Billy Keane: Munster must play gorilla rugby to avoid banana skin
Published 18/01/2014 | 02:30
I have never met anyone who has slipped on a banana skin. Why then do sports writers, coaches, players, politicians and the population in general warn of a 'potential banana skin'?
Ask all those around you this question. "Have any of you at any time slipped on a banana skin?" And when you get a "no" to that, ask these further questions. "Do you know anyone who has slipped on a banana skin? Or have you ever seen anyone slip on a banana skin?" Bet the answer is still no.
Here is the fourth and final question. Is Munster's last pool game in the Heineken Cup against Edinburgh tomorrow a potential icy pavement? We need more accuracy in the use of our cliches in what will be a game of two halves.
It makes sense, doesn't it, in that millions of people have slipped on icy pavements, and there is also a strong argument to suggest Edinburgh will make life very difficult indeed for Munster.
The coaches will say, "yes it is an icy pavement". They have to. Just to keep the players motivated. But is this a real yes as opposed to a yes that's really a cautionary yes?
It looks like Munster will need a bonus point to get a home quarter -final draw, and even then we are dependent on other results.
We all know the home draw is worth a try start and more to Munster teams. The financial rewards are huge. The IRFU, who negotiate contracts, couldn't pick a worse time to beat down the players, in the middle of the Heineken Cup and coming up towards the Six Nations.
Are they trying to wreck the players' heads or what? Some day the whole story will come out. Here's one part: Jonathan Sexton would have stayed in Ireland for less money than Sean O'Brien.
Our guess is the soon-to-be-out-of-contract players are not being overly greedy. Players prefer to stay at home. We all know the books need to be balanced, but the IRFU need to restructure their financing of teams. There's plenty of money out there, if it's well begged.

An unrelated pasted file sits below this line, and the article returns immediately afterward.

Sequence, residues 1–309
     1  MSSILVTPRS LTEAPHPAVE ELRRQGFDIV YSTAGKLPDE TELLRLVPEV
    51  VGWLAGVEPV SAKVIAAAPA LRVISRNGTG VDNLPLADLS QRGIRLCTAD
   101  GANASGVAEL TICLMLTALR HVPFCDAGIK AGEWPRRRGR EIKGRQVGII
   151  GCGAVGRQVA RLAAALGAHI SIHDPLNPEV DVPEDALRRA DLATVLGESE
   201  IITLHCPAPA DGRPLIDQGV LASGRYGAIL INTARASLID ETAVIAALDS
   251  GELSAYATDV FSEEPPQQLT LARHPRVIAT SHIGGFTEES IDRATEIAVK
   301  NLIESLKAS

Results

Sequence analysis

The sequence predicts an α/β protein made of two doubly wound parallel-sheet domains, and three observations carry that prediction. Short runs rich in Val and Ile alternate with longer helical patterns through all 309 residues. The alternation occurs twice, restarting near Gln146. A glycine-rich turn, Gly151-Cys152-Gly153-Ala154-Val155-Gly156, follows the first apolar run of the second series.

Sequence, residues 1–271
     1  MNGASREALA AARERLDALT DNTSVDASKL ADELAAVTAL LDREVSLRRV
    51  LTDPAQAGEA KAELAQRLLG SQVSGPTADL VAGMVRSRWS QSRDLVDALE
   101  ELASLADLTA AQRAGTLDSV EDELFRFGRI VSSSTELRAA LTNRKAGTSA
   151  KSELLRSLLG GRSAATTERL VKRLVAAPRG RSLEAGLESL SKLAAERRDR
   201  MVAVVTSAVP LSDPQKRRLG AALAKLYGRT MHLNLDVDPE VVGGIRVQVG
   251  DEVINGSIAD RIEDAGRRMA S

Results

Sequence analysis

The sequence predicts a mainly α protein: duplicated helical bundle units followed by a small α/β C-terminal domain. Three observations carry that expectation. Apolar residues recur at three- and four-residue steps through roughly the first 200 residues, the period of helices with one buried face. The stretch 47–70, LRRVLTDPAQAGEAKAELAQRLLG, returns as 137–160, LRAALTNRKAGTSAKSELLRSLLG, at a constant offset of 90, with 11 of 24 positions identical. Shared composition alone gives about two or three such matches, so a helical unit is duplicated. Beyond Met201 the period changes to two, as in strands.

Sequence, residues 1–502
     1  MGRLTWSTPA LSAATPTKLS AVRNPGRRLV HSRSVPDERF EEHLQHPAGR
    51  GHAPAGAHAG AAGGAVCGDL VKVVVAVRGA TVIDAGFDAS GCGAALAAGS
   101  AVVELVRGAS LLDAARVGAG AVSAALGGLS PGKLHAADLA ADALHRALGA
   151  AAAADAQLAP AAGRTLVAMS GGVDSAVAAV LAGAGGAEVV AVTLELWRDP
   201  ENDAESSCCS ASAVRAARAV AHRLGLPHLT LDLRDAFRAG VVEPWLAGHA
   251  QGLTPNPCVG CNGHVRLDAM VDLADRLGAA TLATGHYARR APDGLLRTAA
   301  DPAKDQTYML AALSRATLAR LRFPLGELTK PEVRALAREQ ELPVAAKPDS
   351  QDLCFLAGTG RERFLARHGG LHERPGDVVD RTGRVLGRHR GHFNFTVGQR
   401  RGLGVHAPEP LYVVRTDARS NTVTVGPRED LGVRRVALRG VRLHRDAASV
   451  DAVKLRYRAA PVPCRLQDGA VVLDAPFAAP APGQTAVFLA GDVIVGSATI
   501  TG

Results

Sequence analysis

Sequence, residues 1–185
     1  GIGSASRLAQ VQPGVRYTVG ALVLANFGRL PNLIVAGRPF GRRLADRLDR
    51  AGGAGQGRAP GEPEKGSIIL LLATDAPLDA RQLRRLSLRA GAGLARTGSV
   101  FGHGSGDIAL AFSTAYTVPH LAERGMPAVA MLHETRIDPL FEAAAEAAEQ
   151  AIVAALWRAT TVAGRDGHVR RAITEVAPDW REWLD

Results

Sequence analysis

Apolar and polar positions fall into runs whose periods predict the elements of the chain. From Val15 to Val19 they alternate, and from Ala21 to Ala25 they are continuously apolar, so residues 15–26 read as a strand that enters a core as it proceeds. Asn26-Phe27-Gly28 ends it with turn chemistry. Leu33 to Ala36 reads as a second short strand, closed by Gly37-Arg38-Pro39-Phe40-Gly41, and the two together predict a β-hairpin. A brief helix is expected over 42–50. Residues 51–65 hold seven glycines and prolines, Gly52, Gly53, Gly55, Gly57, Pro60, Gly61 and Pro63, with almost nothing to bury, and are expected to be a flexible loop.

Is there a 'them and us' mentality between players and administrators? There's surely no truth in the rumour the players' sandwiches are wrapped in a map of France. The structure of players being centrally contracted was well conceived by the IRFU and has worked well for Irish rugby -- up to now. There's great credit due for that, but reform is needed urgently.
We will go back to the field of play where finality and transparency are assured.
In the history of this great competition, we have never seen a final pool day that didn't have a shock or at least a fair share of drama. Some team is bound to slip up.
We will take you back to a wet night in the old Thomond. Leicester Tigers were in Limerick and Munster were already through to the next round. That was the night Munster lost their unbeaten record at Thomond Park.
Leo Cullen and Leicester played very well, but Munster were flat. Munster had an off day against Edinburgh in the very first game this season in Scotland. Edinburgh won well, and last week the Scots destroyed Perpignan, so our opponents are in form.
The key to beating Edinburgh is to keep the game tight in the early stages. Edinburgh, like the Scottish national team, thrive on fast, open play with lots of knock-ons, intercepts and confusion. It's guerrilla rugby. Munster need to play gorilla rugby.
There must be territorial chest-thumping and aggression. But keep the head and don't be giving away those soft Munster penalties by trying too hard, which is nearly as bad as not trying at all.
Munster are good at the breakdown but so too are Edinburgh. We must play 'Sweet Caroline' rugby. "Hands, touching hands/Reaching out, touching me, touching you." So there you have it -- King Kong meets Sweet Caroline and they live happily ever after.
The win must be secured first and foremost. Points should be put up on the board. If we get a lead, Edinburgh will have to force the game and that will suit Munster.
This has always been the Munster way. But here's the dilemma: we need tries, at least four.
The crowd must be up for it. The game will be played (12.45) while the milk man is still on his rounds.
Get up early. Do a few press-ups. On your own. Listen to 'Stand Up And Fight' on the stereo. Or better again don't go to bed at all. It's not easy to go crazy before lunch unless you've had a warm-up. Our body clocks are still in winter hibernation mode.
Munster need the back-up so don't come in to Thomond with two odd socks, a yawn as wide as a hippo's, a hangover, bed fluff in your belly button and eyes as baggy as a turkey's neck. I'm having an awful day with the metaphors. The message is, get up early and pray at your place of worship for another Thomond miracle.
It can be done. The young Munster lads watched the miracle games as kids. Now is their time. The hunger is there. Luck is needed too. You can only make miracles if you truly believe.